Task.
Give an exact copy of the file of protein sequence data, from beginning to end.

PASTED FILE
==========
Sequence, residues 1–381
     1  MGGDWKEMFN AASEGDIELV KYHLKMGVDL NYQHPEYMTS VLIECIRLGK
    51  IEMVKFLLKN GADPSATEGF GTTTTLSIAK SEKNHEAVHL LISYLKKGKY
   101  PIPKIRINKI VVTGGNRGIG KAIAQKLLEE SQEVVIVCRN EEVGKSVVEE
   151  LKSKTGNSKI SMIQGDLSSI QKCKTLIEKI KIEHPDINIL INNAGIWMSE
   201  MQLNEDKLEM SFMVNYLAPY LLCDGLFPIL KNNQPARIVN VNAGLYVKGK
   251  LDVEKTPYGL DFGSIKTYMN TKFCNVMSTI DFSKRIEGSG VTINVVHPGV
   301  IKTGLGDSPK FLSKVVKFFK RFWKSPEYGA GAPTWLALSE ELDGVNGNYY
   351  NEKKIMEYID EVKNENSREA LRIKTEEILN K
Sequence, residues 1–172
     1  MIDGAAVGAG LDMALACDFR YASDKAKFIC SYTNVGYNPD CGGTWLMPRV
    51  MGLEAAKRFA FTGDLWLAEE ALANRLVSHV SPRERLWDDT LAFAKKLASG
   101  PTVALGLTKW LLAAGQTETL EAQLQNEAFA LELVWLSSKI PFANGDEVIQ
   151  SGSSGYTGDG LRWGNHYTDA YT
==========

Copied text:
Sequence, residues 1–381
     1  MGGDWKEMFN AASEGDIELV KYHLKMGVDL NYQHPEYMTS VLIECIRLGK
    51  IEMVKFLLKN GADPSATEGF GTTTTLSIAK SEKNHEAVHL LISYLKKGKY
   101  PIPKIRINKI VVTGGNRGIG KAIAQKLLEE SQEVVIVCRN EEVGKSVVEE
   151  LKSKTGNSKI SMIQGDLSSI QKCKTLIEKI KIEHPDINIL INNAGIWMSE
   201  MQLNEDKLEM SFMVNYLAPY LLCDGLFPIL KNNQPARIVN VNAGLYVKGK
   251  LDVEKTPYGL DFGSIKTYMN TKFCNVMSTI DFSKRIEGSG VTINVVHPGV
   301  IKTGLGDSPK FLSKVVKFFK RFWKSPEYGA GAPTWLALSE ELDGVNGNYY
   351  NEKKIMEYID EVKNENSREA LRIKTEEILN K
Sequence, residues 1–172
     1  MIDGAAVGAG LDMALACDFR YASDKAKFIC SYTNVGYNPD CGGTWLMPRV
    51  MGLEAAKRFA FTGDLWLAEE ALANRLVSHV SPRERLWDDT LAFAKKLASG
   101  PTVALGLTKW LLAAGQTETL EAQLQNEAFA LELVWLSSKI PFANGDEVIQ
   151  SGSSGYTGDG LRWGNHYTDA YT